When recently retired state Rep. Deborah Boone began pushing a bill in January to prevent news media “fishing expeditions” for public records, people wondered what she meant.
An example of the types of requests Boone says have bothered her: one that yielded 1,800 pages of her own correspondence, released to The Oregonian days before the bill’s introduction.
The records show the lawmaker using her state email account to intercede with state agencies on problems that affected her family.
In one email, she asked for help resolving a billing issue at her home from a utility lobbyist who wanted her help on the state’s climate change bill.
Senate Bill 609 was introduced by state Sen. Betsy Johnson, D-Scappoose, on Boone’s behalf. It would require Oregonians requesting public records like police reports, public contracts and workplace safety inspections to first provide a good reason why they want the documents. Oregon records law currently does not require people to justify their requests.
Boone has since said she’s asked Johnson to let the bill die in the face of vocal opposition.
Boone, a Democrat who represented Cannon Beach and the North Coast until January, told The Daily Astorian she wanted only “legitimate” requests to advance. She didn’t say what would constitute a legitimate request or who would decide.
Boone said in an interview this week that she had already asked for the bill to be drafted before receiving The Oregonian’s records request. But she said the newsroom’s request concerned her, questioning “the cost and necessity” of producing the emails.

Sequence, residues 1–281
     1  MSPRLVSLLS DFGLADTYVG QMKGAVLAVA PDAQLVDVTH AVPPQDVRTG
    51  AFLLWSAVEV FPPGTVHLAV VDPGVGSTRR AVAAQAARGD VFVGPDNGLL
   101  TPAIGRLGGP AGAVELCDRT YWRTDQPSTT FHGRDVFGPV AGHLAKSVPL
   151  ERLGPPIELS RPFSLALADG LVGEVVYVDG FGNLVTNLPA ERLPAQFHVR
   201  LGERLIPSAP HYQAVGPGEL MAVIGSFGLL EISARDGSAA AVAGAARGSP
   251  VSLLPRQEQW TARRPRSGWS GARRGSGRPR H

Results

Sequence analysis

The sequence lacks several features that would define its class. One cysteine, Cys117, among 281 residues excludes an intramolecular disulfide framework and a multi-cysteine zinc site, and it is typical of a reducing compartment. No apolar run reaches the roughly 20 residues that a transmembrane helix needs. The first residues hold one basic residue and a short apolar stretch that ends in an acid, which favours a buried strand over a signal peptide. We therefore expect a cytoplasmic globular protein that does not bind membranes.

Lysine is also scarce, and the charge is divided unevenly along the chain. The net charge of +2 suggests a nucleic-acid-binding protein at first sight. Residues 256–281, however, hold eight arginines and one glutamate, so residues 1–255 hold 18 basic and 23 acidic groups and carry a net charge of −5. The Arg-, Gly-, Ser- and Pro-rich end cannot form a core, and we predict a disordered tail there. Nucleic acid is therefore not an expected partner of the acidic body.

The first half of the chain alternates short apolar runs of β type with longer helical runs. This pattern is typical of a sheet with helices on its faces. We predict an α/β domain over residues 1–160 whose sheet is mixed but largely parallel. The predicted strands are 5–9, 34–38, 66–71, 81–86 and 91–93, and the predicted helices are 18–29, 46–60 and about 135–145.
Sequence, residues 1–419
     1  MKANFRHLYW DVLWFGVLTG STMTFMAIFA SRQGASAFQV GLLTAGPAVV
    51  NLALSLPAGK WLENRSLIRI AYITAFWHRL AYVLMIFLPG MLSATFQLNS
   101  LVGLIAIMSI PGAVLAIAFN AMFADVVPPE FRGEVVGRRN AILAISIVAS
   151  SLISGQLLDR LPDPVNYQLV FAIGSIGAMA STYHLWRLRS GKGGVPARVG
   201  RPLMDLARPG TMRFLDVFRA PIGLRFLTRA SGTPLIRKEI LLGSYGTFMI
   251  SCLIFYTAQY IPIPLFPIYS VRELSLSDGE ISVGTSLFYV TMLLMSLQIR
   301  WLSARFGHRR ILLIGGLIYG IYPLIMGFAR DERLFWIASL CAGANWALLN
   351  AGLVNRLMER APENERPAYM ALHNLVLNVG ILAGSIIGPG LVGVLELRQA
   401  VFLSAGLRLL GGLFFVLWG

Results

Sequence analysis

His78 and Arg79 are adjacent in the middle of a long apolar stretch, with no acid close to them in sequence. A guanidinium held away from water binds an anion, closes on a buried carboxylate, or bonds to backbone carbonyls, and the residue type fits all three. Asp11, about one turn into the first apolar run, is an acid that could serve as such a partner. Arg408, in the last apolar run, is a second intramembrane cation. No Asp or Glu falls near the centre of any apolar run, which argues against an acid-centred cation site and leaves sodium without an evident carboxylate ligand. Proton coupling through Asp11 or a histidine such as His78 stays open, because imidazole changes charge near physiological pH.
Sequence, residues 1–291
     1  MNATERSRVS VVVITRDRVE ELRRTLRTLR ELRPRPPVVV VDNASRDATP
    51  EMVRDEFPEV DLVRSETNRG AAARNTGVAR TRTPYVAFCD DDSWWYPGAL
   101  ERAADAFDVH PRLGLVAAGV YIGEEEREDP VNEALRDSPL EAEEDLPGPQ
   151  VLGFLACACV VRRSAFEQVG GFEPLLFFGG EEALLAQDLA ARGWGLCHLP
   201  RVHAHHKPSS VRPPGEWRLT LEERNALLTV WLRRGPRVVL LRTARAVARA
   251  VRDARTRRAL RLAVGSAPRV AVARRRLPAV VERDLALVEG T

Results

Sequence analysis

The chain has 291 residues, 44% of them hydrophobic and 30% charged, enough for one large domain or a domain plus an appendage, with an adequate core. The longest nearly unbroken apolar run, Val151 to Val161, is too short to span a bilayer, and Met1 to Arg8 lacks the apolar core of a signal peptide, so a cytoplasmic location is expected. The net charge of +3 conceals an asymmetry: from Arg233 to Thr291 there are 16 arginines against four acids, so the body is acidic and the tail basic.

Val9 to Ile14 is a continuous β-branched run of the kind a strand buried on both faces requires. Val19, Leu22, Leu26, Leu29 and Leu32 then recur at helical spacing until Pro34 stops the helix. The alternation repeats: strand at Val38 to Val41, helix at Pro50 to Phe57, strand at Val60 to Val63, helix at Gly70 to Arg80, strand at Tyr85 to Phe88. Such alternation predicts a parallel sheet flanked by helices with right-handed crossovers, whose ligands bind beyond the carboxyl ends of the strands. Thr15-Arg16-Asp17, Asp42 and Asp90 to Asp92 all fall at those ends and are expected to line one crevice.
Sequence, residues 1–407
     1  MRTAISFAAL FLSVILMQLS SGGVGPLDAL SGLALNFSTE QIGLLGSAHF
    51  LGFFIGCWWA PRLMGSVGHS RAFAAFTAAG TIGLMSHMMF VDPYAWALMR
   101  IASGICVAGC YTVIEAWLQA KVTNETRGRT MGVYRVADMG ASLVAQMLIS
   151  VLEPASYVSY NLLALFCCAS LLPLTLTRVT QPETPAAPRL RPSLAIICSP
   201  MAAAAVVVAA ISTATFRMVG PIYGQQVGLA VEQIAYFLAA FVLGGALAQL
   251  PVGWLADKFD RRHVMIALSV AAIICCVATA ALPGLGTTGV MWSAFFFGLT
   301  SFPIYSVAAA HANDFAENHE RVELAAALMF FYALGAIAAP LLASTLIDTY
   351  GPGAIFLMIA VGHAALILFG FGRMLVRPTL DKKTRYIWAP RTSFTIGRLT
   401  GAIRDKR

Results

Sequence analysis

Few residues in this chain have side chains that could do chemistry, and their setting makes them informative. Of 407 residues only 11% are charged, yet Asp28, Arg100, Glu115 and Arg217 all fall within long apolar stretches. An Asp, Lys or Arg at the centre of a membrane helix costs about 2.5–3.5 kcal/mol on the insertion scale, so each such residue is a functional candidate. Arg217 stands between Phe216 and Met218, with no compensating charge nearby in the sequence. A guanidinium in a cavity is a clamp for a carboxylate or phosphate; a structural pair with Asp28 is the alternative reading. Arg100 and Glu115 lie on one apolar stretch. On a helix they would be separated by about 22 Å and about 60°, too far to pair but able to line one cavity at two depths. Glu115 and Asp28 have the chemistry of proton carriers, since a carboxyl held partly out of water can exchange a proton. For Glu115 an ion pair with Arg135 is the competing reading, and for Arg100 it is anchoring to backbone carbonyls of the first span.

“The taxpayers had to pay a Legislative Counsel employee to sift through them all,” Boone said.
Corporate campaign donors
A reporter requested Boone’s emails during a soon-to-be-released 18-month investigation examining the role that corporate campaign donors play in shaping environmental policy statewide.
At the time of the request, Boone had declined to comment about why she raised money in 2018 after announcing her retirement from the Legislature. With no active campaign to pay for, the donations appeared to be attempts to influence or reward her votes.
The newsroom requested Boone’s emails with the campaign donors. Boone now says any checks that arrived were not a result of active fundraising on her part or had not been deposited yet when she announced her retirement in January 2018.
The content of the former representative’s emails underscores why Oregon’s public records law exists. The law allows the public to see what their elected officials are doing, even when it’s not what those officials would choose to reveal.
Last January, Boone asked Ted Case, executive director of Oregon’s association of rural electricity providers, for input on the state’s emerging legislation to cap greenhouse gas emissions.
The 2018 legislative session was about to begin, and there was a push to get the bill through. (The cap-and-trade legislation ultimately died and is now before the 2019 Legislature.) Lobbyists were rushing to secure loopholes for their members.
Case told Boone he wanted to ensure an exemption for the West Oregon Electric Cooperative, which provides power in Boone’s district, including to her home in rural Hamlet.
“My board meets next week to discuss the bills,” Case told Boone. “We’ll come by and see you!”
Thirteen days later, Boone’s campaign account recorded a $500 donation from Case’s association.